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Approximate Distributed Bellman Ford Algorithms

IP.com Disclosure Number: IPCOM000109417D
Original Publication Date: 1992-Aug-01
Included in the Prior Art Database: 2005-Mar-24
Document File: 3 page(s) / 176K

Publishing Venue

IBM

Related People

Awerbuch, B: AUTHOR [+3]

Abstract

Routing algorithms based on the distributed Bellman-Ford algorithm (DBF) suffer from exponential message complexity in some scenarios. We propose two modifications to the algorithm which result in a polynomial message complexity without adversely affecting the response time of the algorithm. However, the new algorithms may not compute the shortest path. Instead, the paths computed can be worse than the shortest path by at most a constant factor (< 3). We call these algorithms approximate DBF algorithms. The modifications proposed to the original algorithm are very simple and easy to implement. The message complexity of the first algorithm, called the multiplicative approximate DBF, is O(nmlog(nW)) where W is the maximum length over all edges of an n-nodes m-edges network.

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Approximate Distributed Bellman Ford Algorithms

       Routing algorithms based on the distributed Bellman-Ford
algorithm (DBF) suffer from exponential message complexity in some
scenarios.  We propose two modifications to the algorithm which
result in a polynomial message complexity without adversely affecting
the response time of the algorithm.  However, the new algorithms may
not compute the shortest path.  Instead, the paths computed can be
worse than the shortest path by at most a constant factor (< 3).  We
call these algorithms approximate DBF algorithms.  The modifications
proposed to the original algorithm are very simple and easy to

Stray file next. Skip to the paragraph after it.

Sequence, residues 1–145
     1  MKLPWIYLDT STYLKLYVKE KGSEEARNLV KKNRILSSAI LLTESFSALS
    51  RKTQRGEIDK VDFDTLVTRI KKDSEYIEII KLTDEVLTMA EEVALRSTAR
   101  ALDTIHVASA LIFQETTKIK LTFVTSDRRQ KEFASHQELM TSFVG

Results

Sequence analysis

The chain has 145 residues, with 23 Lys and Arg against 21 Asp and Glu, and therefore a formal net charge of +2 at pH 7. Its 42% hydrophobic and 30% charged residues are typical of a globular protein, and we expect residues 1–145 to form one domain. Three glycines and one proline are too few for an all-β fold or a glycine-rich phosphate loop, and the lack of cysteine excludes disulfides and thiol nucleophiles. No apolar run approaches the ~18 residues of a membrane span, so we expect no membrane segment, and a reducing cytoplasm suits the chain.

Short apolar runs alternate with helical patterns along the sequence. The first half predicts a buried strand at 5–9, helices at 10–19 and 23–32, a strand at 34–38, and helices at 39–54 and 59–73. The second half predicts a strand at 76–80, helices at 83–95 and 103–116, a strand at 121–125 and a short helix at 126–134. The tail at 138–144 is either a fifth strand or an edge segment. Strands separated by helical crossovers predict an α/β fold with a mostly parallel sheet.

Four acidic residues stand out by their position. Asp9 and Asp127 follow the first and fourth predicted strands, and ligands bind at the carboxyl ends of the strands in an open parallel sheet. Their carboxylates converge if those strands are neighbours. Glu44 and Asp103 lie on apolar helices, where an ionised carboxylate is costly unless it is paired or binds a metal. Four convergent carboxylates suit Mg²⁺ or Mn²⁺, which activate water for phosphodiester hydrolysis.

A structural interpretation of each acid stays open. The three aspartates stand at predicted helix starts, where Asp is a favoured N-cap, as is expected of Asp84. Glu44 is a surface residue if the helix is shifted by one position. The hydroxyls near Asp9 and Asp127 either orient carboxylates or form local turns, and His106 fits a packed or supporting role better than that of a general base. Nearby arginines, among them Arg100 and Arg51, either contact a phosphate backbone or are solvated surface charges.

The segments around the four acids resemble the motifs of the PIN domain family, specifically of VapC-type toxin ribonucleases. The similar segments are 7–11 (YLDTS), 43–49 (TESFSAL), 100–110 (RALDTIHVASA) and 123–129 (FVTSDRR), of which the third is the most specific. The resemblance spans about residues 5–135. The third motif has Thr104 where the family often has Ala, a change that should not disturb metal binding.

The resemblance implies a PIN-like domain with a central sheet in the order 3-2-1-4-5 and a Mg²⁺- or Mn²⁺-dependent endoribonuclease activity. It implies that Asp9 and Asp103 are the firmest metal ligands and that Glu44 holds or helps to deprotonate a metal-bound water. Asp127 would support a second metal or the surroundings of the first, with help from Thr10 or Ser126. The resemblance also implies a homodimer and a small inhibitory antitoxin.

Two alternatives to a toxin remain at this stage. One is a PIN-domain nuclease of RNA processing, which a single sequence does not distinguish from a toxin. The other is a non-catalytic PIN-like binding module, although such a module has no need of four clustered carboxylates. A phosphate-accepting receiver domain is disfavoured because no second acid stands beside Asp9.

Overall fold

implement.  The message complexity of the first algorithm, called the
multiplicative approximate DBF, is O(nmlog(nW)) where W is the
maximum length over all edges of an n-nodes m-edges network.  The
message complexity of the second algorithm, called the additive
approximate DBF, is O(   nm) where w is the minimum length over all
edges in the network.  For more details see (1).
THE DBF ALGORITHM

      Let DBF(s,t) be the distributed Bellman-Ford algorithm that
finds the shortest path in G between s and t.  Refer to (2) for a
detailed description of this algorithm.

      Informally, during the algorithm each node x maintains a label,
a(x), which is the current known shortest distance from s to x, and a
variable parent(x) which contains the identity of its previous node
on the current known shortest path from s to x.  Initially, a(s)=0,
a(x)=B, and parent(x) is undefined for all x * s.  When the algorithm
terminates, a(x)=d(s,x); in particular a(t)=d(s,t) which is the
desired value.  At this time, parent(x) contains the identity of the
penultimate node on the shortest path from s to x.

      DBF consists of two basic rules: the adopting rule and the
sending rule.   The adopting rule determines how to update the
current label according to a message from a neighboring node.  The
sending rule determines what values to propagate to the neighbors and
is applied whenever a node adopts a new label.
The adopting rule: If x, with a label a(x), receives a'(x) from z, x
adopts a'(x) only if a'(x) < a(x).  If a'(x) is adopted, then the
value of parent(x) is set to z.
The sending rule: Let a(x) be a new label adopted by x and let y1,
...  , yl be the neighbors of x other than parent(x).  Then for all 1
& i & 1, x sends a(x)+ l(x,yi) to yi .
THE MULTIPLICATIVE APPROXIMATION

      We present now a parameterized algorithm, called the
multiplicative approximate distributed Bellman Ford and denoted by
MADBF(s,t,a).  The parameter a is greater or equal to 1.  This
algorithm returns a path from s to t the length of which is at most
and(s,t).  The message complexity of this algorithm is bounded by
The only difference between MADBF and DBF is in the adopting rule.
The multiplicative adopting rule: If x, with a label b(x), receives
b'(x) from z, then x adopts b'(x) only if If b'(x)...